Personalize your drink coasters with this excellent themed craft. Your kids can customize them for special occasions like New Year, Christmas, Thanksgiving, Hanukkah, and more.
What you'll need:
- Graphics software (Avery Kids Printertainment works well)
- Color printer duplicate checker
- Avery Kids #03111 Square Stickers
- Photos, optional help
- Scanner, digital camera, or other means to import a photo into graphics software, optional
- Con-Tact Paper
- Scissors or craft knife
How to make it:
- Open the graphics software and choose Avery Kids #03111 Square Stickers as the format.
- Design the coaster to match the celebration that you are having.
- Add photos to the coasters if you would like a personalized coaster for each guest.
- Print out the stickers, and let dry.
- Peel off stickers, and apply them to cardboard.
- Cut around stickers.
- Apply Con-Tact paper on the top and the bottom of the coasters. Be sure to leave enough Con-Tact paper around the coaster to seal it from spills.
- Set out and enjoy the compliments.
How to Use A Compass Foggy Condtions
How to use a compass
How to navigate in foggy conditions
Fog makes things difficult, and in some situations dangerous. When you hike, you will probably some day experience these difficulties, and you'd better be prepared.
The fog can come creeping very fast. I have myself experienced from clear view to dense fog in 10 seconds. How fast this goes, depends on where you are.
In normal summer conditions without snow, it is often not much of a problem. Unless you are supposed to find a hut or something. The ground provides normally so much contrast,. just be very careful and accurate. Perhaps you also might use some of the advice given later.
Winter conditions can make things a lot worse, when there is snow on the ground. The fog is white (or grey), the snow is also white. You may get a condition we call a white-out It's too late to read the terrain, and then the map isn't of much use. You can't see anything anyway. You have no choice but to put blind faith in your compass. I hope you knew where you were, because you need to take out a good compass course, like described in the other lessons. If you are skiing, you should tie your compass to your arm or something, so you can look at it for every step you take. A rubberband is good. Check for more or less every step you take that the compass needle is aligned with the orienting lines. But if it is cold, make sure it doesn't affect circulation of blood in your arm, because that will make you freeze. If you are going on an expedition where you expect conditions like this, you should perhaps consider a arrangement to attach to your chest.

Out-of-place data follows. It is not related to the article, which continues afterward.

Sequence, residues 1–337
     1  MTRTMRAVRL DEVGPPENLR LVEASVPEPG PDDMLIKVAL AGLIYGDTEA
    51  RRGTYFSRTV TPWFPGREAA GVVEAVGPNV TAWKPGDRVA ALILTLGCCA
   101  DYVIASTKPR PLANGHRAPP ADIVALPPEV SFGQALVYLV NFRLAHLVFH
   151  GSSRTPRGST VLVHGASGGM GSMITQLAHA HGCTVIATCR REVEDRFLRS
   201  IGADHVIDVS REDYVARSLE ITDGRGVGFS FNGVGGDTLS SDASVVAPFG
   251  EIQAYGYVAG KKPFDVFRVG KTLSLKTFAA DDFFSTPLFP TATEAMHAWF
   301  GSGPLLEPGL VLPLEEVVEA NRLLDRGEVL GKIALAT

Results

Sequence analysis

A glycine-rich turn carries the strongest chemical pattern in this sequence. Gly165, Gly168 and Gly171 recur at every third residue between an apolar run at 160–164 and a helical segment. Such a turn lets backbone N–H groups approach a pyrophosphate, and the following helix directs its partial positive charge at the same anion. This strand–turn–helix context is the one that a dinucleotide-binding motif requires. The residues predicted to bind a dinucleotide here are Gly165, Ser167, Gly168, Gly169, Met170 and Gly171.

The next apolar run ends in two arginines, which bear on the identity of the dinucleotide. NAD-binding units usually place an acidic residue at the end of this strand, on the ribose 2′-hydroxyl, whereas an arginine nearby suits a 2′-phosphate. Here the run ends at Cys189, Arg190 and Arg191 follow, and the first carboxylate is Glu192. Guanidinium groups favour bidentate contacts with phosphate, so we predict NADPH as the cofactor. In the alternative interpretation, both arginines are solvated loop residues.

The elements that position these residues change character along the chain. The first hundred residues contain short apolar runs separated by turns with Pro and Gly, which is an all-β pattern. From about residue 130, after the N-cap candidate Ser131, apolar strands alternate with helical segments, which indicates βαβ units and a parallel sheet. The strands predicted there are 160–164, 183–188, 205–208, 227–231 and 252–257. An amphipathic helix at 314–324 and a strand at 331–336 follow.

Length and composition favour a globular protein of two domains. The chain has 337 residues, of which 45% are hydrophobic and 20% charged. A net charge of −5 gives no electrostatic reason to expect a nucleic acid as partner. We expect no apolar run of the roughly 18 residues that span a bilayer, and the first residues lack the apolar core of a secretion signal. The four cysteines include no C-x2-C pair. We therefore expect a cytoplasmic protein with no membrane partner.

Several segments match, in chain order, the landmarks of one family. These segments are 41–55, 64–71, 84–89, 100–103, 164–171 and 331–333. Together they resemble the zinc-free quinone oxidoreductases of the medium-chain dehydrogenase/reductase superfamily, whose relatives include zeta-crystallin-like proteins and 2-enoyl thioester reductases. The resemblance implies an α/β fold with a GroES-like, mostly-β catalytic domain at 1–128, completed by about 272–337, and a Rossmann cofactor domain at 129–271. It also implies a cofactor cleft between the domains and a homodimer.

Let's consider a method to enhance the accuracy in conditions when you can't aim at anything. If you are three persons in a row, like on the figure, and the last one carries a compass (of course, it is better that all three carry a compass, but the last one has command), he or she will see if you get off course because one of those in front of him or her will not be covered by the person in front. On the figure, the situation to the left is ok. The person on top is heading forward and but he sees only the person in front of him or her. In the situation to the right, it's time to stop. The last person can see the backs of both of them in front, and they are about to leave their course.
The further apart you go, the more accurate this method is, but it is also very important to have good contact. Sometimes the conditions get so bad there is no way to maintain contact, and then, the method may fail.
There is also another method for two people, where the lead person goes out on a compass azimuth, as far as the visibility will allow. The person behind stands still and watches the lead person, telling them if they are in the correct line or not. Once they have moved correctly into line they then stand still and the back person joins them. They then have their turn to move out ahead on the azimuth, and the whole cycle repeats. The problem with this method is when the visibility is very bad, the lead person can't go more that a few meters, and it would be dangerous to loose each other.
Finally, I'd like to comment on something that is seen in many standard texts on mountaineering navigation: You are commonly taught to use methods that use terrain features that are easily recognizable but far away. In my opinion, such methods are of little use, unless you require surveyor's accuracy in knowing where you are (hikers rarely do). As long as the weather is good, navigation is fairly easy and you'll naturally use these features as part of a more general approach. However, when the visibility is poor, you can't see these far-away-features and this makes the methods involving them rather useless. Therefore, focus your training in navigation on using features in your vicinity.